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Jana Adkins: Using process management to increase efficiency

Posted: August 11, 2011 1:55 a.m.
Updated: August 11, 2011 1:55 a.m.
 

When building operation units at companies, a technique called “process management” is often employed.

Process management “scrutinizes the processes that a company goes through to perform certain tasks. The intention is to create a more efficient way of working, thereby saving time and money;” as defined by Webster’s New World Finance and Investment Dictionary.

I call it common sense, or logic.

A thorough review and systematic approach to creating a more efficient workplace is really not that hard. One simply needs to be observant and willing to question the effectiveness of steps and practices along the way.

Sometimes all that is required is a fresh set of eyes.

Some companies retain consultants, others hire only Six Sigma-certified employees to conduct reviews of their businesses workflows and create sophisticated standard operating procedures, or SOPs.

Patchwork quilts
A vice president of sales once asked me to review a multimillion-dollar inside sales unit because he was convinced there was additional revenue-generating opportunities to leverage.

After a review, which included sitting with and observing everyone in the department, as well an examination of all data, systems and procedures, I was able to identify more than 100 areas that would assist the sales team to increase revenue.

Some items were small and easy to fix, others were large and would require the intervention of the technology department.
But the most dramatic fact I uncovered when reviewing the sales operation, however, was that the inside sales team only spent 11 percent of its time actually on the phone generating sales.

While the performance of each sales member varied, for the most part, the majority of the salespeople were working. And they were working far harder than necessary to be productive because there were so many obstacles in the way of doing their jobs.

What did this mean? It translated to the fact that the business unit could have maintained the same amount of revenue with less overhead — fewer people; or better yet, has the opportunity to generate even greater revenues.

But processes had been built over several years with one procedure added to another like a patchwork quilt.

Ultimately, the general process required to create sales orders became counterintuitive to generating revenue.

Penny-wise, pound-foolish
Recently, I needed standard lab tests conducted for my annual physical.

The process in a place at a major lab clinic surprised me for its inefficiency and loss of potential revenue.

I checked in for my appointment with a very polite person at the front desk.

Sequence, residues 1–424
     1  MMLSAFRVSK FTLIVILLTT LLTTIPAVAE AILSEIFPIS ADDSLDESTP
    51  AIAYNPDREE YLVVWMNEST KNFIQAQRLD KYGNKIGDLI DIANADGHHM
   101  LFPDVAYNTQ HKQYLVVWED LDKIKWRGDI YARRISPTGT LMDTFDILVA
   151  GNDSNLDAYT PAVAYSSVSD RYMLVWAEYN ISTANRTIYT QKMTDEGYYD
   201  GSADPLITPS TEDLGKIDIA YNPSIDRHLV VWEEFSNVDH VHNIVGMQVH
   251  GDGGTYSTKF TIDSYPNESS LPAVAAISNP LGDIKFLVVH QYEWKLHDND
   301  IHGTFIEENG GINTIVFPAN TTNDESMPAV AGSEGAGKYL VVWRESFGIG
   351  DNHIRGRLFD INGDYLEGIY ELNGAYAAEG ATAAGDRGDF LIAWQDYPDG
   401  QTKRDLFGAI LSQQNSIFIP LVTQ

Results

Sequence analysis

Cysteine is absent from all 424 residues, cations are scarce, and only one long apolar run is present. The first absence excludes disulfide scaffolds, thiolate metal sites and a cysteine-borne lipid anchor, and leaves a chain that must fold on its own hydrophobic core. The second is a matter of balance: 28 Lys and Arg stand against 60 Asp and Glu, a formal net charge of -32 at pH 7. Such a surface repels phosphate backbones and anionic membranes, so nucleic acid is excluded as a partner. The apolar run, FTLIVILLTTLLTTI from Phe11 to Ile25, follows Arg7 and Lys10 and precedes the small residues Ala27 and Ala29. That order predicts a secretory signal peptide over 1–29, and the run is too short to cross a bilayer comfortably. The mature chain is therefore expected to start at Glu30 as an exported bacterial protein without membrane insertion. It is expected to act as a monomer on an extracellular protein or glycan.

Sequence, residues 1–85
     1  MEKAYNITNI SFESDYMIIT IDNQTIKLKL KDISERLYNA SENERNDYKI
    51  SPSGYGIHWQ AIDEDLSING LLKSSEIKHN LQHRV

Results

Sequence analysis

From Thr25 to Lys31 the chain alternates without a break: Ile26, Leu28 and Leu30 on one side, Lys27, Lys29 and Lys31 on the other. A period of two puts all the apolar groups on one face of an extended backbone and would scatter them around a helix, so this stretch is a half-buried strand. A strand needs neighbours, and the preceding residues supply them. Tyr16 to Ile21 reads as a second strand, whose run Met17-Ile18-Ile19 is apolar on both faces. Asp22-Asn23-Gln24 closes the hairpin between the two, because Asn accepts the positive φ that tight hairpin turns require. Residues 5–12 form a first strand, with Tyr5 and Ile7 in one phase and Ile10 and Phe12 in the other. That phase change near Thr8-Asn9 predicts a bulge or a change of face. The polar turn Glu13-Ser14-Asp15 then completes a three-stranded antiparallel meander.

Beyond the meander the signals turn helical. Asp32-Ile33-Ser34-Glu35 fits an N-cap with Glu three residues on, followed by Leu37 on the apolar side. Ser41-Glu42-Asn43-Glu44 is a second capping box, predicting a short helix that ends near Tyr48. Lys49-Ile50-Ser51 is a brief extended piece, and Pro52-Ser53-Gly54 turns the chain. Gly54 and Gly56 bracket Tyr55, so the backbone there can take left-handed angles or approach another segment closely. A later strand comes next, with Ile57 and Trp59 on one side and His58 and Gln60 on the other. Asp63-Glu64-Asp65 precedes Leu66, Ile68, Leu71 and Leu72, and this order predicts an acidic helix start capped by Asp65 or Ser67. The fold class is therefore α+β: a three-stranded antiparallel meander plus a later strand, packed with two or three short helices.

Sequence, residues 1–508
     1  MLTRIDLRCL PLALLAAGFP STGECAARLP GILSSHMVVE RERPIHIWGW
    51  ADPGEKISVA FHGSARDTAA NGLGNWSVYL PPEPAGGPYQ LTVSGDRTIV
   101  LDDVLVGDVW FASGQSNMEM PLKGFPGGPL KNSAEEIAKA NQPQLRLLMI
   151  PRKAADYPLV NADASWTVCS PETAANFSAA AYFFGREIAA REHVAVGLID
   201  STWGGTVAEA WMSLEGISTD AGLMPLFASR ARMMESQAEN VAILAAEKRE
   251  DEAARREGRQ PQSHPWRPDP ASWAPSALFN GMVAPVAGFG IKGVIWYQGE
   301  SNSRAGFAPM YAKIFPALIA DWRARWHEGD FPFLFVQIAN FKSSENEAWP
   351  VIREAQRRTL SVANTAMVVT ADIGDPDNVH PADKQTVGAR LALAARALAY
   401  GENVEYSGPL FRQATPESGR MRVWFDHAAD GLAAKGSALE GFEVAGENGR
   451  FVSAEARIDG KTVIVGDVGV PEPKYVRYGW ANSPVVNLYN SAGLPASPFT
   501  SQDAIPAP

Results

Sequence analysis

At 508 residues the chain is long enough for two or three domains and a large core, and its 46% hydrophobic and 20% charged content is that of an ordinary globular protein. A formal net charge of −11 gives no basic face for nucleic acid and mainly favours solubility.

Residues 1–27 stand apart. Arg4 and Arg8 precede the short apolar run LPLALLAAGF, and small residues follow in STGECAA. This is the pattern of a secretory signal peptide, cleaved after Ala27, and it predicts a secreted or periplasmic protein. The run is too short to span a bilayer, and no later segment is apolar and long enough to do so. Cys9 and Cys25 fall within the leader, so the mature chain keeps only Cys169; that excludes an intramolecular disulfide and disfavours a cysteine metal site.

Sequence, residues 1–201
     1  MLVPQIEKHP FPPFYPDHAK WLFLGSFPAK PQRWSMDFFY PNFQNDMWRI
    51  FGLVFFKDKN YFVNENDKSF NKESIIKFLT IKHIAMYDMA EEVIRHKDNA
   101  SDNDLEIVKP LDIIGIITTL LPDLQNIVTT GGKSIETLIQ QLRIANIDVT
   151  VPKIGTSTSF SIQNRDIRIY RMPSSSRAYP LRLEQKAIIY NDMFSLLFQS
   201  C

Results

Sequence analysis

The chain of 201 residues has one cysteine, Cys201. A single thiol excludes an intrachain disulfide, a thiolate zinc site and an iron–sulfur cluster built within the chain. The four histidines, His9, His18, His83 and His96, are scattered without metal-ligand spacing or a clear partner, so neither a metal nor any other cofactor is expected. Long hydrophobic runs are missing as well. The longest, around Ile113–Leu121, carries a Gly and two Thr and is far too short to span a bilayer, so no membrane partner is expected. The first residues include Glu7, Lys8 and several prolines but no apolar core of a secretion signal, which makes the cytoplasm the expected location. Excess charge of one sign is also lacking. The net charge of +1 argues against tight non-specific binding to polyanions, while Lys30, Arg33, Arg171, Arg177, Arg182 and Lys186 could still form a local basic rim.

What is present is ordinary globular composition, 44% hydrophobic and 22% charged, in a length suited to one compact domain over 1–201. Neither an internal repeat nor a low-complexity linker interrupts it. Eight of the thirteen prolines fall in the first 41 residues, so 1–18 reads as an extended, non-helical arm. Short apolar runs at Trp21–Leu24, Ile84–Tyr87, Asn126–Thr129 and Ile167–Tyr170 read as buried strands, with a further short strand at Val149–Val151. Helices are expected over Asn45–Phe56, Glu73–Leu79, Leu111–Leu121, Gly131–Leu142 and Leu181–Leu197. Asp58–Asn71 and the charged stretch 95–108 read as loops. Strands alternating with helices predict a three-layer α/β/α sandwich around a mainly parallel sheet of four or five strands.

Nearly 20 minutes later, I was called into a lab room by the same person from the front desk.

Once I was seated, that front desk person then proceeded to set up a patient file. Lacking a diagnostic code from my doctor, the employee patiently called my doctor’s office for instructions.

I then expected the employee would leave and a lab technician would enter the room.

That didn’t happen.

The same person who checked me in at the reception desk and the same person who set up my patient file and called my doctor, was the same person who then drew my blood.

I asked the employee if the clinic was short of staff that day, or if the employees routinely multitasked. It turned out multitasking was the standard operating process.

Phlebotomists are trained to draw blood samples. They can spend several months to a year in school studying anatomy, legal aspects of blood collection, standard precautions and more in addition to learning blood collection techniques.
In all likelihood, a trained blood collector is paid more than a receptionist.

And in the amount of time required for the phlebotomist to check me in, set up my patient files, call my doctor and finally, actually take a blood sample — three to four patients could have been churned through the clinic.

And, more importantly for me, it would have saved me time. What should have been a five-to-10-minute appointment turned into a 40-minute visit.

I couldn’t help but think that the clinic could save payroll money by hiring entry-level employees at the reception desk, utilize the higher-paid technicians to see more patients and move more patients through the lab clinic each day.

Process management would improve the ability of this clinic to operate more efficiently, see more patients and generate more revenue.

But then, what seems obvious to me is often overlooked by others.

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